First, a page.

Request upload status

Query the status of the upload by sending a GET request to the uploadUrl.

GET https://sn3302.up.1drv.com/up/fe6987415ace7X4e1eF86633784148bb98a1zjcUhf7b0mpUadahs

Note: You can request the status of the file at any time, not just when the upload has failed.

The server will respond with a list of missing byte ranges that need to be uploaded. Note: this may not be the full list of missing ranges. As the upload progresses, more missing ranges will be returned.

HTTP/1.1 200 OK

{
  "expirationDateTime": "2015-01-29T09:21:55.523Z",
  "nextExpectedRanges": ["12345-"]
}

Upload remaining data

Now that your app knows where to start the upload from, resume the upload by following the steps in upload fragments of the file.

Handle commit errors

When the last fragment of a file is uploaded and OneDrive starts to commit the file to the user's drive, it is possible for an error to occur. This can be due to a name conflict or quota limitation being exceeded. OneDrive will preserve the upload session until the expiration time and allow your app to recover the upload by manually committing the upload session.

To manually commit the upload session, your app must make a PUT request with a new driveItem resource that will be used to commit the file. Inside the driveItem resource include an Instance Attribute for @microsoft.graph.sourceUrl with the value of your upload session URL.

PUT /drive/root:/{path_to_parent}
Content-Type: application/json
Content-Length: length
If-Match: {etag or ctag}

{
  "name": "largefile_2.vhd",
  "description": "A 5GB virtual disk",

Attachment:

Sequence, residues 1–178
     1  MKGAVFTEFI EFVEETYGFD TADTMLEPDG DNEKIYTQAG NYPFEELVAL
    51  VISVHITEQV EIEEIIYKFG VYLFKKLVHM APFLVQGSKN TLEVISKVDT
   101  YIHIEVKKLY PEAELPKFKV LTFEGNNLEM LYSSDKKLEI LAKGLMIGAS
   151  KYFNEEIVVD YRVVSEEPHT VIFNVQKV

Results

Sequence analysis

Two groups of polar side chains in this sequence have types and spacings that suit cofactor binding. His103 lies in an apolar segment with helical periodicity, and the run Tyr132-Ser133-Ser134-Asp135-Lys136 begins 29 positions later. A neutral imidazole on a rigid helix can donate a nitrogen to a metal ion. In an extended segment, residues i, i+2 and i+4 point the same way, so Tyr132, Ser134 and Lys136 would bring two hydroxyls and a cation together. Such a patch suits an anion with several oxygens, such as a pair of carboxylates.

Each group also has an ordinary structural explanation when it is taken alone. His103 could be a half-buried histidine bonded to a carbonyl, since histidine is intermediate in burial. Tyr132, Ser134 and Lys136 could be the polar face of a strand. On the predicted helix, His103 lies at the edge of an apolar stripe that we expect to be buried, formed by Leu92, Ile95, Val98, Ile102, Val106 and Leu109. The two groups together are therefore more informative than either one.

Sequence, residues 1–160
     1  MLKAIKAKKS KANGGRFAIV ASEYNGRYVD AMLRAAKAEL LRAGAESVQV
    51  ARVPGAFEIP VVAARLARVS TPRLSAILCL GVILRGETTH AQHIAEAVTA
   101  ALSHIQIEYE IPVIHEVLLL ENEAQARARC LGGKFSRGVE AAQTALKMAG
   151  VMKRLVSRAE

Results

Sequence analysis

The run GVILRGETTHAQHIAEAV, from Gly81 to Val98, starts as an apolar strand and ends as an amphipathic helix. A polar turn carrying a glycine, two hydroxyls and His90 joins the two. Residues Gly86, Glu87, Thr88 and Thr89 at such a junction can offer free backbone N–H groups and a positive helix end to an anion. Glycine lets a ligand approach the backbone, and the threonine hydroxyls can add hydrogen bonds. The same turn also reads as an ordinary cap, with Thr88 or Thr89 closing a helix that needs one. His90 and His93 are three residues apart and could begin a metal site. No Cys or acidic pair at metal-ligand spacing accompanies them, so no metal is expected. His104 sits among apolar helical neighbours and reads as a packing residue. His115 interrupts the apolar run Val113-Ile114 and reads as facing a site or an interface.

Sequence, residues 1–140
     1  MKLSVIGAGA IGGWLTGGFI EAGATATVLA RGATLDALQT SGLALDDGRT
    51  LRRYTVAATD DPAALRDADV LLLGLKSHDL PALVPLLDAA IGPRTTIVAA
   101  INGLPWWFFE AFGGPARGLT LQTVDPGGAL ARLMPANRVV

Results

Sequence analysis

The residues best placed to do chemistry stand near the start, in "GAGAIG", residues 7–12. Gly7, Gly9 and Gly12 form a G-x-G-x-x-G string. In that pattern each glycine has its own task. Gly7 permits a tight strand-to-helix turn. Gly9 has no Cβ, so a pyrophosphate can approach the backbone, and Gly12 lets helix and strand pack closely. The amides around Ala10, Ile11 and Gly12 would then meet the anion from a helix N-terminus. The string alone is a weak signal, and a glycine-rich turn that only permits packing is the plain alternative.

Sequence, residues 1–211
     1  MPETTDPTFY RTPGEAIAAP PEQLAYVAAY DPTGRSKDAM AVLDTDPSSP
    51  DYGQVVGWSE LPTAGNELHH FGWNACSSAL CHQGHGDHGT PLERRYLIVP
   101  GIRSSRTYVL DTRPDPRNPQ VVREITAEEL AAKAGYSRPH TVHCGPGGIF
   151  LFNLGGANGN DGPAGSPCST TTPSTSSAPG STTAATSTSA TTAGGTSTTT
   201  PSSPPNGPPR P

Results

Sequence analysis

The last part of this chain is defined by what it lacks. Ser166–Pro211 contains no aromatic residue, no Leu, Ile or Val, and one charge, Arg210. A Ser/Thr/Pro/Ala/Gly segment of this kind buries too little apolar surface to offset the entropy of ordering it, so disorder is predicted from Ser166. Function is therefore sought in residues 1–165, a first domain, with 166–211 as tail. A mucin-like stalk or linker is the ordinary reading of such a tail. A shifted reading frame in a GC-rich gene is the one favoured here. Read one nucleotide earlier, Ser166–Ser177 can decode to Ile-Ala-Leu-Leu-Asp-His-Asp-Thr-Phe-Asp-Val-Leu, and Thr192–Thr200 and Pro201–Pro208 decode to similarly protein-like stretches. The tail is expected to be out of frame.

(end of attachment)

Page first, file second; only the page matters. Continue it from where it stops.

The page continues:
"@microsoft.graph.conflictBehavior": "rename",
  "@microsoft.graph.sourceUrl": "{upload session URL}"
}

Note: You can use the @microsoft.graph.conflictBehavior and if-match headers as expected in this call.

If the file can be committed using the new metadata, an HTTP 201 Created or HTTP 200 OK response will be returned with the Item metadata for the uploaded file.

Best practices

  • Resume or retry uploads that fail due to connection interruptions or any 5xx errors, including:
    • 500 Internal Server Error
    • 502 Bad Gateway
    • 503 Service Unavailable
    • 504 Gateway Timeout
  • Use an exponential back off strategy if any 5xx server errors are returned when resuming or retrying upload requests.
  • For other errors, you should not use an exponential back off strategy but limit the number of retry attempts made.
  • Handle 404 Not Found errors when doing resumable uploads by starting the entire upload over.
  • Use resumable file transfers for files larger than 10 MiB (10 * 1024 * 1024 bytes).
  • A fragment size of 10 MiB for stable high speed connections is optimal. For slower or less reliable connections you may get better results from a smaller fragment size. The recommended fragment size is between 5-10 MiB.
  • Use a fragment size that is a multiple of 320 KiB (320 * 1024 bytes). Failing to use a fragment size that is a multiple of 320 KiB can result in large file transfers failing after the last fragment is uploaded.

Error responses

See the Error Responses topic for details about how errors are returned.